Student accommodation should support healthy communities

Student accommodation should support healthy communities

In the 15 years we have been designing student accommodation, students’ needs have changed. They expect to be able to exercise on site, study in groups, cook together, dine together and socialise in wild and wonderful ways. We have seen a widening of the market offer, with some pushing the envelope of affordability while others are seeking greater levels of luxury.

Despite this, there’s been a convergence in one key value: wellbeing. Halls are viewed as homes away from home and the quality of student experience is vital. To this end, we have seen our briefs adapt to focus on both the physical and mental wellbeing of students.

Overall layout and adjacencies are fundamental to wellbeing. The idea of “living in the building, sleeping in the bedroom” is one the sector is starting to adopt, and for us, this makes perfect sense.

Although there is still a place for studio apartments, the days of providing minimal social space within these developments have gone. Research shows that students are more isolated within studio developments and common spaces become critical in helping communities develop.

Shared bathroom facilities have been growing in popularity from the early townhouses delivered 10 years ago to the cluster flats of today serviced with shared facilities. At the University of Exeter, the Student Guild requested that 20% of new on-campus accommodation is at a lower rental level with shared facilities.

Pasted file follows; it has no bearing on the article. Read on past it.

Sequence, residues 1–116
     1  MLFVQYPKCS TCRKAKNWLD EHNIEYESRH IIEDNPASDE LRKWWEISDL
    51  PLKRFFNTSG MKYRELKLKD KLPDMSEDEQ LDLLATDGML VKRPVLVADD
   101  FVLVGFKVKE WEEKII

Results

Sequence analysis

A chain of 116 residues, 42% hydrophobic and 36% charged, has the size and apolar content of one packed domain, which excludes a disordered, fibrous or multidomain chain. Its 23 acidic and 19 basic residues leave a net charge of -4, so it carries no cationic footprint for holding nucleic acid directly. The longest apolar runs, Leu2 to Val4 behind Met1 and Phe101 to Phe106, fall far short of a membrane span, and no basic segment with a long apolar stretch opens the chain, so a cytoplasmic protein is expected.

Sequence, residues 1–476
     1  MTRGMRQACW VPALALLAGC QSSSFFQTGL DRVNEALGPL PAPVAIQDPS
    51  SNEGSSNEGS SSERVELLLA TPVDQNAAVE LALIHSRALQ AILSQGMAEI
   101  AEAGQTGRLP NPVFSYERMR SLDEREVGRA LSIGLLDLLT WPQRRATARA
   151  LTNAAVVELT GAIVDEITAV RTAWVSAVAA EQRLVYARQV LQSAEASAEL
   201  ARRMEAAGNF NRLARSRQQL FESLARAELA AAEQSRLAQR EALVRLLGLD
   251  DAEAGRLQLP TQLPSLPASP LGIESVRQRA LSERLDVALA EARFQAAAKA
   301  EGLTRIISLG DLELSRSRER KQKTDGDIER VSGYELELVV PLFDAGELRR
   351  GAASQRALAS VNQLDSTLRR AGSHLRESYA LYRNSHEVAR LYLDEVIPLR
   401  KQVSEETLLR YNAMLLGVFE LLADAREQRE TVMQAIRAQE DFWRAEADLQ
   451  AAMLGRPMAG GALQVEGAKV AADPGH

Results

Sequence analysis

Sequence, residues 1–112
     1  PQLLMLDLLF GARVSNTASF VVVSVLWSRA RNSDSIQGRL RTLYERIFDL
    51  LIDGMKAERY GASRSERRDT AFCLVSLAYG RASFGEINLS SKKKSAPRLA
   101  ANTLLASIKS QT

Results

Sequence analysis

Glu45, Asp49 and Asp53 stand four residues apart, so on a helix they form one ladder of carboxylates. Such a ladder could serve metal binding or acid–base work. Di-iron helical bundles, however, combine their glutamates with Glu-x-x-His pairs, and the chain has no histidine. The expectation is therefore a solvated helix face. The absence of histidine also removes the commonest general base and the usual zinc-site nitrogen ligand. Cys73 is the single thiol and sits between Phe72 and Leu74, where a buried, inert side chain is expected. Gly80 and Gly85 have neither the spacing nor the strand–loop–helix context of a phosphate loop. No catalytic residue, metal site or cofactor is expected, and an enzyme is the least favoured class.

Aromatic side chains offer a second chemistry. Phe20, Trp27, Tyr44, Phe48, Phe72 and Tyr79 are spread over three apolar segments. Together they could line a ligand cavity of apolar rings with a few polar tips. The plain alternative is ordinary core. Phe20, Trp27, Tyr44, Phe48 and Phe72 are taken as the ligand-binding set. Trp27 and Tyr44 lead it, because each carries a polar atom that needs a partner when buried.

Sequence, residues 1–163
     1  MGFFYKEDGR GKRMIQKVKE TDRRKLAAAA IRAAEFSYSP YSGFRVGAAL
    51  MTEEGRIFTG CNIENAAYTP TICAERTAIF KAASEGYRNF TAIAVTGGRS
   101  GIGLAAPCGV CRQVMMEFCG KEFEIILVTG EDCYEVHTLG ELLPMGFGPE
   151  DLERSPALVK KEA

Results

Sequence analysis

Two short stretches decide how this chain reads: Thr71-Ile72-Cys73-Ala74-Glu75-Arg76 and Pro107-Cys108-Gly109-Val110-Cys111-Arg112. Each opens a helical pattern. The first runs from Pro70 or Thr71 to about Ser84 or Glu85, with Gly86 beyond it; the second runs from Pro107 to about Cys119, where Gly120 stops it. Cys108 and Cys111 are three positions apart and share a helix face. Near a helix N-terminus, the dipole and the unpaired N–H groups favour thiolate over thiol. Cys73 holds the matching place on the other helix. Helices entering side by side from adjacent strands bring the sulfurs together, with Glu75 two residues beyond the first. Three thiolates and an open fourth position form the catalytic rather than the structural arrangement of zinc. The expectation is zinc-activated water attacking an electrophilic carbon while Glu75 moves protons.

Keele University has gone further with approximately 80% of their new accommodation featuring shared bathrooms. Inclusion is key here. Instead of entering the cluster via an empty corridor, students access their bedrooms through a generous communal living space full of the possibility of interaction.

Our most recently completed schemes for the University of Bath provide common study rooms shared between two cluster flats and centrally located quiet group rooms. These spaces were in addition to the traditional kitchen, living and dining rooms. Having been so popular with students, we introduced similar spaces into postgraduate accommodation completed in 2018.

It seems we all agree that wellbeing is an essential focus for any accommodation. But perhaps it should extend further than the envelope of the building? Recent research suggests that students have a desire to participate in the greater community. So the next challenge is to find ways to break down barriers between the student population and the area they live in.

We are now designing a number of student accommodation schemes that integrate co-living facilities. The next step will be to open up some communal facilities to the wider community. We are already exploring opportunities for one university to share their library and catering facilities with a nearby senior living scheme.

Whilst we are still some way from the Dutch models of students living with elderly residents, I would welcome this approach here in the UK. After all, ‘student living’ is simply just ‘living’ and it’s a healthy community that has true longevity and value.

We are exhibiting at AUDE Annual Conference 2019 | 15th – 17th April 2019 | Lancaster University. Drop by stand 4 and pick up a copy of our latest Inhabitant magazine. Issue 02 is all about the people who inhabit our university buildings.

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